Language that makes women feel Othered makes them feel unwelcome. Making women feel unwelcome is not the way to encourage more women into the field, and insisting on clinging to this language simply raises the question of whether making women genuinely welcome is really on the agenda at all.

    2. koipond

      See Eivind, what that does is put the blame not on the person who made the ‘joke’ but the people who ‘misunderstood’ it. Going over RMS’s commentary where it fails is right at the beginning.

      “Some of the people in the audience in my speech in the Gran Canaria
      Desktop Summit thought that my joke about the Virgin of Emacs was
      intended to make some kind of statement about women.”

      Regardless of his intent, it was a ‘joke’ about women. You can’t reference things like virginity and the said taking of it without having to deal with the whole idea of virginity and the ideas of ownership that are associated with it.

      As for:

      Yes, it’s no apology. I nevertheless think it’s reasonable. “What I said caused misunderstandings, I won’t say it again” isn’t -that- far away from “I regret that I said that.”, is the difference worth it ?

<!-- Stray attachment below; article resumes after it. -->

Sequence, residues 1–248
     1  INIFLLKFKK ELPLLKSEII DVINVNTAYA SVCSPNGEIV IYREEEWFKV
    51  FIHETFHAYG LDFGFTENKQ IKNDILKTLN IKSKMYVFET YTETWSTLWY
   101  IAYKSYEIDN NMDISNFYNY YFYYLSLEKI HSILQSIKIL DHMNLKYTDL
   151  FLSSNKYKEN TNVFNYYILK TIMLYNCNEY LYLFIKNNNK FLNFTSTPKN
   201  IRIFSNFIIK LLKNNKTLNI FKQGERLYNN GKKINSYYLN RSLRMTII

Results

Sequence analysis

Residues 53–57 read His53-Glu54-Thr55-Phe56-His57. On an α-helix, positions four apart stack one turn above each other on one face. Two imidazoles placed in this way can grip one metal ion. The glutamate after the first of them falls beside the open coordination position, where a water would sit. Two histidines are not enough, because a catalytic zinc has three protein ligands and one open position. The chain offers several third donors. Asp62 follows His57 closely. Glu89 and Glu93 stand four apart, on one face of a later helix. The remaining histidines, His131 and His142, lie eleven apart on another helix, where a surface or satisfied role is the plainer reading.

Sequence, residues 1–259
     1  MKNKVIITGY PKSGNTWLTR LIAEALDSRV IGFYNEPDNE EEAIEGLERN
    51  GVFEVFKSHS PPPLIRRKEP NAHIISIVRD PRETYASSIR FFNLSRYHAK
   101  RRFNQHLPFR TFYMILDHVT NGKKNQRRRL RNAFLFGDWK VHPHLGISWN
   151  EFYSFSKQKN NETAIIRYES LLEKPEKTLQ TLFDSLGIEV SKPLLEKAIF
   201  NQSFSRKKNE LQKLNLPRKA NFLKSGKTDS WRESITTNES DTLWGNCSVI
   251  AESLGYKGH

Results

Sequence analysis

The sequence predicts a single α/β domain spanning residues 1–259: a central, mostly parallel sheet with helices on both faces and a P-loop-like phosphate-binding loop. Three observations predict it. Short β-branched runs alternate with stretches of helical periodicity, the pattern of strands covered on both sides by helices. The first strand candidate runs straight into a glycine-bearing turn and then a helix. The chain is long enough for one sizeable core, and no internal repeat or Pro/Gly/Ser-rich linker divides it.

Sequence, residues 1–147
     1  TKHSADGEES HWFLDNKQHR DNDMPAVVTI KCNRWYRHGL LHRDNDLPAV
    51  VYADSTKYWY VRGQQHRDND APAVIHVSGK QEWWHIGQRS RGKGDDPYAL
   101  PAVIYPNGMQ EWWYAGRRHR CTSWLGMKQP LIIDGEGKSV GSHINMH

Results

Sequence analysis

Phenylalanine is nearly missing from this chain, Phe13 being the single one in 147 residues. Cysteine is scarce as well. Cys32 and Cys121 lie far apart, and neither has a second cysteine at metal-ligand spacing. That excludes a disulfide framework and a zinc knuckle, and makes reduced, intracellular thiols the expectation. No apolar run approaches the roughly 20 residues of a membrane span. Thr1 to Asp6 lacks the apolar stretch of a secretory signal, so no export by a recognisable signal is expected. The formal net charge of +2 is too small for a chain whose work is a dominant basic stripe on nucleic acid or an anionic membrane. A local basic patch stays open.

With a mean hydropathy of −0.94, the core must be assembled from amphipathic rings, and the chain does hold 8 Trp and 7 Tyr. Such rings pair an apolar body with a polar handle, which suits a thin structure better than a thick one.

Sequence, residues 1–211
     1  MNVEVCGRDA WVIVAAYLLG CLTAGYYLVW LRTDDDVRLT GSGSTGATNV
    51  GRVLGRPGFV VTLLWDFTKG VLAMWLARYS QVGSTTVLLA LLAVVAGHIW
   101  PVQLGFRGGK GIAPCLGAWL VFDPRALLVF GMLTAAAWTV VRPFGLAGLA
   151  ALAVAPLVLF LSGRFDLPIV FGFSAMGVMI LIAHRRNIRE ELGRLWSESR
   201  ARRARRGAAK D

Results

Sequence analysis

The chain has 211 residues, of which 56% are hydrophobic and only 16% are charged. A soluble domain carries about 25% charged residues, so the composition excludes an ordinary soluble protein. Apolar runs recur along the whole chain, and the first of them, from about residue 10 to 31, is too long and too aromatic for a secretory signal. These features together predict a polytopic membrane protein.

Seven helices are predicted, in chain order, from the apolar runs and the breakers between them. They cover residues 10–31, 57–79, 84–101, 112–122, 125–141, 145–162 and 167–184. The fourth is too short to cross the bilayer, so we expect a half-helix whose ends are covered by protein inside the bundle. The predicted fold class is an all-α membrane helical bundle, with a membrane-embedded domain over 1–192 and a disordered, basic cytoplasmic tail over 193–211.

He didn’t say, “I won’t say it again.” He said, “I’ve modified it so that it’s both genders” but that still runs into the problems with connotation that occur with the word virgin as mentioned above.

      Also as Skud mentioned above, which will need repeating again, if you can show that “harsh criticism” of saying “hey, you should probably apologize for it” is equal to the backlash aimed at those who brought it up then you can use that comparaison. Last time I checked, which was right now, the words “unwise,” or “poorly worded” weren’t used by those who tried to silence people who pointed this out.

      I’ll get a coffee. No rush.

      1. Eivind

        It was, as you say, a sexist joke. And thus, it’d be better to not use it. RMS has changed the joke as a consequence, i.e. he -agrees- that it’s better not to use that joke in the form it was in.